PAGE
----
--- your online source for astronomical & satellite images ---
Not So Dead After All
Messier 110, NGC 205
Dwarf elliptical galaxy
RA 0h 40m 24.40s Dec 41° 41' 46.40"
3 million light years
19.5' × 11.5'
2.36 x 1.77 arcminutes
North is 41.4° left of vertical
ESA/Hubble & NASA, L.Ferrarese et al.
September 16, 2019
Click the image to buy a print
Many of the best-loved galaxies in the cosmos are remarkably large, close, massive, bright, or beautiful, often with an unusual or intriguing structure or history. However, it takes all kinds to make a Universe - as demonstrated by this Hubble Picture of the Week of Messier 110. It was discovered on August 10, 1773 by Charles Messier.
Messier 110 may not look like much, but it is a fascinating near neighbor of our home galaxy, and an unusual example of its type. It is a member of the Local Group, a gathering of galaxies comprising the Milky Way and a number of the galaxies closest to it. Specifically, Messier 110 is one of the many satellite galaxies encircling the Andromeda Galaxy, the nearest major galaxy to our own, and is classified as a dwarf elliptical galaxy, meaning that it has a smooth and almost featureless structure. Elliptical galaxies lack arms and notable pockets of star formation - both characteristic features of spiral galaxies. Dwarf ellipticals are quite common in groups and clusters of galaxies, and are often satellites of larger galaxies.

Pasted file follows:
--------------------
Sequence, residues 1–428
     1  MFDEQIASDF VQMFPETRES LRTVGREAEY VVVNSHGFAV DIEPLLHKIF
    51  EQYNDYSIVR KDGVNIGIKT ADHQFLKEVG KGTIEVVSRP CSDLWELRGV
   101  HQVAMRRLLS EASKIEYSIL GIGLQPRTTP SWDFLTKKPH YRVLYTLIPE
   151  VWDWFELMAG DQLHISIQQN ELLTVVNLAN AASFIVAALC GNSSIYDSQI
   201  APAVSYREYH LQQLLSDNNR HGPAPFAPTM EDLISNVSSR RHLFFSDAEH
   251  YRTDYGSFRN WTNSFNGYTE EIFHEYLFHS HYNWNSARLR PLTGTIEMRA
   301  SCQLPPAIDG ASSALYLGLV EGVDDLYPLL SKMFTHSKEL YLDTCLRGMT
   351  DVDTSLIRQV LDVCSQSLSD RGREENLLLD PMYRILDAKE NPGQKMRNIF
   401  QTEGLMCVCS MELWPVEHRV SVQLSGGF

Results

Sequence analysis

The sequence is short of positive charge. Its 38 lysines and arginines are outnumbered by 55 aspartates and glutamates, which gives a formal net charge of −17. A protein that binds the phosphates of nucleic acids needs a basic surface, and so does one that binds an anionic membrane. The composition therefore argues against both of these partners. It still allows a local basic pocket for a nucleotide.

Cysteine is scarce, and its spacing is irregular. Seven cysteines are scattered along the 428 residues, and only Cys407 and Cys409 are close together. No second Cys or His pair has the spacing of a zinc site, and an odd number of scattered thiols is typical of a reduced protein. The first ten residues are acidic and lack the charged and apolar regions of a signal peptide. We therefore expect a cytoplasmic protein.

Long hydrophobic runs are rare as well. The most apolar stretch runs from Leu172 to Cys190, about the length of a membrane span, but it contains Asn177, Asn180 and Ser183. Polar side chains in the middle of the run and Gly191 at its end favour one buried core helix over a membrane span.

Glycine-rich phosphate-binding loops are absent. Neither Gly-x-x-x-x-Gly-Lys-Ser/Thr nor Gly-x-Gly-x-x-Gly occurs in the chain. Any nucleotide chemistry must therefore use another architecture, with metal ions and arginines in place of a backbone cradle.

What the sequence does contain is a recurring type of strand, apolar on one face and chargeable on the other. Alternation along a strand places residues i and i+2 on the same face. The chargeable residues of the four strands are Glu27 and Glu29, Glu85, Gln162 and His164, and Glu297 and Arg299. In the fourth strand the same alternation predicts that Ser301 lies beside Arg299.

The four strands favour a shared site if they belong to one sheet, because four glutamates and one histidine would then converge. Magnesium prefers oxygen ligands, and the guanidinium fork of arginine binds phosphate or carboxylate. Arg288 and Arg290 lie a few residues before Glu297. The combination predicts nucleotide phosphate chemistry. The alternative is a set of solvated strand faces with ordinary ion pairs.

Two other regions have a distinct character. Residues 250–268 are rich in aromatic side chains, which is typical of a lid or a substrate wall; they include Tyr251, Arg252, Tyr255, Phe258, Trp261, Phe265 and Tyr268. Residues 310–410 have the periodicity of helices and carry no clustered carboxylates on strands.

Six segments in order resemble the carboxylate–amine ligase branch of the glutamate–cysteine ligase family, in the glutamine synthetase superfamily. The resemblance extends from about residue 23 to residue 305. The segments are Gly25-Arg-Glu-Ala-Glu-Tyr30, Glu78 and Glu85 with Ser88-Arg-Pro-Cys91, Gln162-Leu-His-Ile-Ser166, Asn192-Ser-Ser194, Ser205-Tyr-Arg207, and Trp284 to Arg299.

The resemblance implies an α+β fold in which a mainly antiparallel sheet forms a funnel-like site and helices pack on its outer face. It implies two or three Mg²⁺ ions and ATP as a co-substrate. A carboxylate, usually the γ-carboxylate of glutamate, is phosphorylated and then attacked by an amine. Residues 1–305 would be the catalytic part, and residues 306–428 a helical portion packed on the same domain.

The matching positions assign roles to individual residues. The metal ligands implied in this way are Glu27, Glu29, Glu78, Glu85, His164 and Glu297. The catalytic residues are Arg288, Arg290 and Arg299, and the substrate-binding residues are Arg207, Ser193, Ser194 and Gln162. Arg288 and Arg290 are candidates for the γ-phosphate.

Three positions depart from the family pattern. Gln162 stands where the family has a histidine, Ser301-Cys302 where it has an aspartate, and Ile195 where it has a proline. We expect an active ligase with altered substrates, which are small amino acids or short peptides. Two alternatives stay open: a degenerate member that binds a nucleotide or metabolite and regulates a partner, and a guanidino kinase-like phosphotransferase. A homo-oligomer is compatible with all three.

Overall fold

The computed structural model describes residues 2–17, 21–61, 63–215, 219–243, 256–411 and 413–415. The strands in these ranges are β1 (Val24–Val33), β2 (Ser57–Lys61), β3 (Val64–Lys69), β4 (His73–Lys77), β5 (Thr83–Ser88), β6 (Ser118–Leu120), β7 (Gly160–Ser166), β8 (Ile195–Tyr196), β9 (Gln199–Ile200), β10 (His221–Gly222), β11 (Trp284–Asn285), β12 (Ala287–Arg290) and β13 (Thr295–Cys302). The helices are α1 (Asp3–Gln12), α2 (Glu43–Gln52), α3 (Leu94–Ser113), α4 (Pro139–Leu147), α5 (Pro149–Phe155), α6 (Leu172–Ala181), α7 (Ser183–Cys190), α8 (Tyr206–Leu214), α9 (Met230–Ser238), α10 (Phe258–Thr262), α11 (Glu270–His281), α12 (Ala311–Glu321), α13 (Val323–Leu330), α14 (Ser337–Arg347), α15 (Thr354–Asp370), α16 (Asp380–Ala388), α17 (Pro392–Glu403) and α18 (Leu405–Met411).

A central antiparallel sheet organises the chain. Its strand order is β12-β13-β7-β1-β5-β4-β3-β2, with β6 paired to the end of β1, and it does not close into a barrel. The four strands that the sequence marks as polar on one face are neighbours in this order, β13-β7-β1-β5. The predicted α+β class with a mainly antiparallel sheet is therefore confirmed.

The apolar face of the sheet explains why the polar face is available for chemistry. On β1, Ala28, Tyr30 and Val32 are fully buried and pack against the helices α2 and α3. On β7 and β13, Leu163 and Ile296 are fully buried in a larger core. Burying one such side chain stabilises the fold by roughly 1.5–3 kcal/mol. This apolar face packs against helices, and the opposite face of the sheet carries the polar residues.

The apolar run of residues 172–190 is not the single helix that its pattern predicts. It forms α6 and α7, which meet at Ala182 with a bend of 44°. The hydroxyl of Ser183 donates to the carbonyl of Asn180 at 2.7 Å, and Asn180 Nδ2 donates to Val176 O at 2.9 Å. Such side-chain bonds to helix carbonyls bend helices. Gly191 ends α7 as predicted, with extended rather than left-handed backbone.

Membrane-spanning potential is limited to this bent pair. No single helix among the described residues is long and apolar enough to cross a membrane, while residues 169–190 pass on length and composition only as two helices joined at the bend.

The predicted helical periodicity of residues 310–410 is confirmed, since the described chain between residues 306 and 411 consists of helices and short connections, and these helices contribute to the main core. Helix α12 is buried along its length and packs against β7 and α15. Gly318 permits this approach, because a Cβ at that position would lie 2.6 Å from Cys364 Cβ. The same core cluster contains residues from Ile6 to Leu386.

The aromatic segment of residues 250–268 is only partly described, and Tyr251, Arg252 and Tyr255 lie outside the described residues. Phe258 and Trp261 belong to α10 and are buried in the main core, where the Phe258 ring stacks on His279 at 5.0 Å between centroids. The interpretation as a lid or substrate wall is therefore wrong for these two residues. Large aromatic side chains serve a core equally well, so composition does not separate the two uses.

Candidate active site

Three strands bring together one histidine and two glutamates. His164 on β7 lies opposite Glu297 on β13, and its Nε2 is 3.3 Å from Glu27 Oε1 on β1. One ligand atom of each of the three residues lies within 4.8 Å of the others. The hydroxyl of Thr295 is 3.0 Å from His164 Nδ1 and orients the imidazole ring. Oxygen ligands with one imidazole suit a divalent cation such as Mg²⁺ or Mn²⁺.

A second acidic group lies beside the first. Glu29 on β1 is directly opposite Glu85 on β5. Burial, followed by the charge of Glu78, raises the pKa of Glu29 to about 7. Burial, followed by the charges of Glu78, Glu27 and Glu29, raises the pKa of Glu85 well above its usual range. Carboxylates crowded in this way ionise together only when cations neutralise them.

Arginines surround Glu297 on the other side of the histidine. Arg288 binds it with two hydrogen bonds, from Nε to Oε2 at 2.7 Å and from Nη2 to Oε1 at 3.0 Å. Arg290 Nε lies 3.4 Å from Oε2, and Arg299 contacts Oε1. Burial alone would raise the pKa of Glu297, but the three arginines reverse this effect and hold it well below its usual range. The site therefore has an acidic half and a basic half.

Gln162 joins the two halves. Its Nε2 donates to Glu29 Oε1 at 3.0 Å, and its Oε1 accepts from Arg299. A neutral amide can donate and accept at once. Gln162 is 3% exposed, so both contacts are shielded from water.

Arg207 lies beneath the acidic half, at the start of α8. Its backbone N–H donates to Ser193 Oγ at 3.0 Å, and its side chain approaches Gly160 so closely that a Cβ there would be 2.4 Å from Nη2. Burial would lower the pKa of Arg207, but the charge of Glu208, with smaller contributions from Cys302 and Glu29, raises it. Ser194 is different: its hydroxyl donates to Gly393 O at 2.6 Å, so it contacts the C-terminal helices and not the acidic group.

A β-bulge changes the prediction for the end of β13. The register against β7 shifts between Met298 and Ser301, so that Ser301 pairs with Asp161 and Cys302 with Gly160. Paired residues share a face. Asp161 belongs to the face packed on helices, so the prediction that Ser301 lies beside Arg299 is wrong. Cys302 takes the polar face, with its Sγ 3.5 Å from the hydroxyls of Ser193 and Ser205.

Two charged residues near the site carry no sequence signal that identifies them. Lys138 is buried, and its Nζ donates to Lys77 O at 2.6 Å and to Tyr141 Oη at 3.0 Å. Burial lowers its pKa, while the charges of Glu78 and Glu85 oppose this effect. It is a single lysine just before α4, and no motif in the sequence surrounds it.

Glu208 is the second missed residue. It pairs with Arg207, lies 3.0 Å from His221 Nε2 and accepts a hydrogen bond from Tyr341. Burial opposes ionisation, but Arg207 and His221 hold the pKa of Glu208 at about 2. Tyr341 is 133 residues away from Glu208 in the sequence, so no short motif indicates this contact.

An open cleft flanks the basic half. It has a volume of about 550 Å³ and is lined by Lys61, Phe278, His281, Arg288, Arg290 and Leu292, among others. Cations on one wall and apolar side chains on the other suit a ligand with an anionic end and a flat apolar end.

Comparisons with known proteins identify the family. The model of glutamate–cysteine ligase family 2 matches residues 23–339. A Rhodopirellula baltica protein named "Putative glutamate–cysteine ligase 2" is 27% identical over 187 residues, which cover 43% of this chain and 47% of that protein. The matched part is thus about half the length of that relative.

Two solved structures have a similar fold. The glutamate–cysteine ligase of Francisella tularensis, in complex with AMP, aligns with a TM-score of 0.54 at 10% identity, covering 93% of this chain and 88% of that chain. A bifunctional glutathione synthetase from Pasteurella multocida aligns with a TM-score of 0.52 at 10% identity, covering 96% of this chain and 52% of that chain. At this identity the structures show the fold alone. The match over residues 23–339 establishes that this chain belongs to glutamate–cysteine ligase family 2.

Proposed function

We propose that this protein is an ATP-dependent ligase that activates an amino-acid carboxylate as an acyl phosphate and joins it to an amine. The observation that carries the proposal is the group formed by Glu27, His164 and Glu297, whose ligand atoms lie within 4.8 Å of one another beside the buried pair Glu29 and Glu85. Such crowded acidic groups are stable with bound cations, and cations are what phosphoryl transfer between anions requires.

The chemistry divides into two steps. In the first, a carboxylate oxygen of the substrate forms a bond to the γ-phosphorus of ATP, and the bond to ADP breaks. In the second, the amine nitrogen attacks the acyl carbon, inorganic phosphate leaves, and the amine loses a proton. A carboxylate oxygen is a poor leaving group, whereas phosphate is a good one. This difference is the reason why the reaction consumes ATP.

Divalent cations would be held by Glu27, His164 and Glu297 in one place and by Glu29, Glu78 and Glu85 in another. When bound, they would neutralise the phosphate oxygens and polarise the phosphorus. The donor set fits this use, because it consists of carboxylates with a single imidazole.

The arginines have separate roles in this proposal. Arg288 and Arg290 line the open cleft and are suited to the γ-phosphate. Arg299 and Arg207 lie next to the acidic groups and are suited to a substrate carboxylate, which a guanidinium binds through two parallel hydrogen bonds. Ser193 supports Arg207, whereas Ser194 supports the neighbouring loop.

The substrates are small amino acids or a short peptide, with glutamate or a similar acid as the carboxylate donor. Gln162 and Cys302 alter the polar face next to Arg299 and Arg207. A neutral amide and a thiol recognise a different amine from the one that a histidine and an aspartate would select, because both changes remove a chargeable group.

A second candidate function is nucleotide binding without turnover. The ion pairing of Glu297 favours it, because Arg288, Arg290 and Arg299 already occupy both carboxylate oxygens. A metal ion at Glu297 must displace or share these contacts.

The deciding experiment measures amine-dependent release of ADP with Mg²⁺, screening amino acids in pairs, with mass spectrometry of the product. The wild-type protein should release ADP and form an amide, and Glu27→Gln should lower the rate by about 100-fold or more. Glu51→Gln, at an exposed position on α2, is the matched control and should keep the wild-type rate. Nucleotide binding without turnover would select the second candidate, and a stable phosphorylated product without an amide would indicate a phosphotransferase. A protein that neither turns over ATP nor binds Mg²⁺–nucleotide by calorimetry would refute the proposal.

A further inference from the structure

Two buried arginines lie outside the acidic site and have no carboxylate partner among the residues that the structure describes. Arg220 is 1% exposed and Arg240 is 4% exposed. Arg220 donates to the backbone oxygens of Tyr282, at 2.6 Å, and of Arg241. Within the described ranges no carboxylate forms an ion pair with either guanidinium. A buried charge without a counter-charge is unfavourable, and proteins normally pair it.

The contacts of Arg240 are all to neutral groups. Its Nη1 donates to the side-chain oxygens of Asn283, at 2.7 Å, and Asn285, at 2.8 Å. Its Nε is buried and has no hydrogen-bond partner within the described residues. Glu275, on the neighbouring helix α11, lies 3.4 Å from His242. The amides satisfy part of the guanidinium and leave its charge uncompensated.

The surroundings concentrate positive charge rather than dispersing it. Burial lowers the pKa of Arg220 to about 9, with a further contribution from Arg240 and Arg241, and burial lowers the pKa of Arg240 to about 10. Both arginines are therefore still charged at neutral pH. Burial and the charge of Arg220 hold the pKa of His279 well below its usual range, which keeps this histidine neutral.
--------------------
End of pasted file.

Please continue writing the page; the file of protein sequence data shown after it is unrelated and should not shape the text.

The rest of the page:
Because they lack stellar nurseries and contain mostly old stars, elliptical galaxies are often considered 'dead' when compared to their spiral relatives. However, astronomers have spotted signs of a population of young, blue stars at the center of Messier 110 - hinting that it may not be so dead after all.
Hubble observation was taken in visible and near-infrared light with the
Wide Field and Planetary Camera 2. The core of M110 is seen toward the
lower right of the image, with the galaxy's globular clusters and numerous
stars shown as points of light throughout the frame. Also featured in
this Hubble image are large clouds of gas and dust, seen as dark splotches
(one large region is located near the middle of the image and another,
smaller one appears above the galaxy's core). Hubble took these observations
of M110 to study the development of globular clusters located in the galaxy.